Is a private road a "building"?

What has happened?

On 2 November 2017, the NSW Land and Environment Court  handed down its decision in the following Class 4 proceedings: Louisiana Properties Pty Ltd v Hakea Holdings Pty Ltd; Hakea Holdings Pty Ltd v Louisiana Properties Pty Ltd (No 2) [2017] NSWLEC 147.

One of the issues arising for determination by the Court was whether a certain private road was a "building" for the purposes of the Environmental Planning and Assessment Act 1979 (EP&A Act) such that a construction certificate was required to authorise its construction.

Findings by the Court

The Court held that the private road is a "building" for the purposes of the EP&A Act.

Section 4 of the EP&A Act states that a "building":

"... includes part of a building, and also includes any structure or part of a structure (including any temporary structure or part of a temporary structure), but does not include a manufactured home, moveable dwelling or associated structure or part of a manufactured home, moveable dwelling or associated structure."

Having regard to this definition, the Court held the relevant question was whether a road constituted a "structure". 

The first step in the Court's analysis was to consider a decision by Talbot J in Bowyer v Manly Council (unreported, 1997) in which his Honour concluded, based on a "purposive" construction of the Roads Act 1993, that a road did not constitute a structure.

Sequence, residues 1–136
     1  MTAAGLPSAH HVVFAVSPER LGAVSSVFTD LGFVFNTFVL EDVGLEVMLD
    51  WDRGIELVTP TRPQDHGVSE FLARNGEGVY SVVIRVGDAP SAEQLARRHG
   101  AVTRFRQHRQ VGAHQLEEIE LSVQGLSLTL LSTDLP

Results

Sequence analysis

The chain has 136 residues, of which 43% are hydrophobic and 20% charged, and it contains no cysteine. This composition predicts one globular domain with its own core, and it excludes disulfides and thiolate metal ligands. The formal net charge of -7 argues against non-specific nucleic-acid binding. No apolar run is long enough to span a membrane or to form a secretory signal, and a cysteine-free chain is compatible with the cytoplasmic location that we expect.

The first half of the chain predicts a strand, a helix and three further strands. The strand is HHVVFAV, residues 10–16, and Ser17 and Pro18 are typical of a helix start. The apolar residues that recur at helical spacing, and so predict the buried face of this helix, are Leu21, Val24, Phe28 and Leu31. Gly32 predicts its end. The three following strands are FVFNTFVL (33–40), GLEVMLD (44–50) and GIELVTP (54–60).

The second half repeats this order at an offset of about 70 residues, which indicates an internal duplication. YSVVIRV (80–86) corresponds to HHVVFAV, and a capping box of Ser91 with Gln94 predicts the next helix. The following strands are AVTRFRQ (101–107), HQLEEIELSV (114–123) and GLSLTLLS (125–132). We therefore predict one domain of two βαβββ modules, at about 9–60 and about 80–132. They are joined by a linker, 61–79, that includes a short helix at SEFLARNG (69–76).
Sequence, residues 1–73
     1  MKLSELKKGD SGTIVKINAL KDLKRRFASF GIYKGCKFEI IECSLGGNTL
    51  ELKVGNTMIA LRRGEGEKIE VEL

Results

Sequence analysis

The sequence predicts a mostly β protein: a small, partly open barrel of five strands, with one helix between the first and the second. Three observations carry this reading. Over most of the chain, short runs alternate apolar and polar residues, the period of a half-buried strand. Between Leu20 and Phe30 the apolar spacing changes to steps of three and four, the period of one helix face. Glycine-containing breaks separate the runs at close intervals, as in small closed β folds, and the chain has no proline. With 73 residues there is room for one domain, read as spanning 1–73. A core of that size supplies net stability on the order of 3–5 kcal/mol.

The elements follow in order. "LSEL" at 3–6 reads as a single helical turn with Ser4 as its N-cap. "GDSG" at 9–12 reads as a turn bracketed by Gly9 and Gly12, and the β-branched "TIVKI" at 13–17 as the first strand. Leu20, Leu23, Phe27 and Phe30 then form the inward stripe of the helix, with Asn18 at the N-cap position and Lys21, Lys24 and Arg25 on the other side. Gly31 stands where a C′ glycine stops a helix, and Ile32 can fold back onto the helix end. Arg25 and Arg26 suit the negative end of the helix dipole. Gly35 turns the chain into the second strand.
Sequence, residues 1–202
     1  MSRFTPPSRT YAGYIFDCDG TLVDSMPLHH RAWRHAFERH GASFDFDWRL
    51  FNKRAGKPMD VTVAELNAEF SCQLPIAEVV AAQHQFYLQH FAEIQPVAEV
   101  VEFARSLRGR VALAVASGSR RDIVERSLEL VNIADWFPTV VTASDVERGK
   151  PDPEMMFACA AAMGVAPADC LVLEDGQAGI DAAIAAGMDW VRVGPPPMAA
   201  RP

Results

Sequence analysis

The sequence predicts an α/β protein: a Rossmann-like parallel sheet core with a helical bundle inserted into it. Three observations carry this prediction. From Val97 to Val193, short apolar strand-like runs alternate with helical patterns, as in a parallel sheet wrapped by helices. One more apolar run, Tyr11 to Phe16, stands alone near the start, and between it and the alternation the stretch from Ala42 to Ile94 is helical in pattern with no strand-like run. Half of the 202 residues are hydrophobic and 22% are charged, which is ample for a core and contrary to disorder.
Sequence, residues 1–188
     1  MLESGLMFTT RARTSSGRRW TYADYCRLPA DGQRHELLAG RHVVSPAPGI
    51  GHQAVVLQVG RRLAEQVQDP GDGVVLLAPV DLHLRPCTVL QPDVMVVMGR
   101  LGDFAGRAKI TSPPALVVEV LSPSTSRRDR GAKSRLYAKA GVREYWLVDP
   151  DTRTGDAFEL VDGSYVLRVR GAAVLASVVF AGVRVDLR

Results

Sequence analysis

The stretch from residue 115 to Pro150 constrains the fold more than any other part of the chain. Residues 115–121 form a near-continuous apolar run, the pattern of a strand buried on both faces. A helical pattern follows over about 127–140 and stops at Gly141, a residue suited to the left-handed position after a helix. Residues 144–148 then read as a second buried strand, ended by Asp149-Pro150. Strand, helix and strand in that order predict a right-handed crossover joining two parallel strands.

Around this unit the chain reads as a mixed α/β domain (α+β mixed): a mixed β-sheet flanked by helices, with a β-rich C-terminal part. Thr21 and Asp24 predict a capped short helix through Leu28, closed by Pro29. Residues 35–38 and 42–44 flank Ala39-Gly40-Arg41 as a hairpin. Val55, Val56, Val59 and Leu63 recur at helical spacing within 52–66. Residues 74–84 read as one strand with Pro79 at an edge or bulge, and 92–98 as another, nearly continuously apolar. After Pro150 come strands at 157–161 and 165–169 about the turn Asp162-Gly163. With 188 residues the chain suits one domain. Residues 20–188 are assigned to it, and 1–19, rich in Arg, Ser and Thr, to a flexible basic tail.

The Court held, however, that the decision in Bowyer v Manly Council was distinguished by the particular statutory context applicable under consideration in that case being the Roads Act 1993 which is confined in its operation to public roads.

The Court then considered the decision of Preston CJ in Royal Motor Yacht Club (Broken Bay) Pty Ltd v Northern Beaches Council [2017] NSWLEC 56 in which his Honour distilled the following 3 defining characteristics of "structures" distilled from the decision of Gillard J in O’Brien v Shire of Rosedale (1968) 22 LGRA 262:

  1. "… the structure is something which is constructed, involving the notion of bringing together a number of distinct and separate physical components which, when constructed or brought together, form or make some other substantial object at a fixed site and having some utility value."
  2. "… the mere fact that the new physical object so constructed rested by its own weight on the soil did not necessarily and of itself alter its character as a structure."
  3. "… there must, however, be an intention on the part of the builder at the time of the erection that the new object brought into existence will remain permanently on its site on a permanent foundation …"

Measured against each of these criteria, the Court had no difficulty in concluding that the private road constituted a "structure" (and so a "building") for the purposes of the EP&A Act.

Implications

This case confirms that a private road, at least, is a "building" for the purposes of the EP&A Act the construction of which requires authorisation under a construction certificate.

The question of whether a public road, which had each of the 3 characteristics of a structure summarised by Preston CJ in the Royal Motor Yacht Club case, remains open but will likely rarely arise as public roads are usually permitted without consent. 

Of course, these characteristics are not limited in their application to roads and can be applied to other potential structures.

Further information

For further information on this judgment and its potential implications for your development please contact Marcus Steele, Director, on (02) 8005-1411 or marcus.steele@steelelaw.com.au.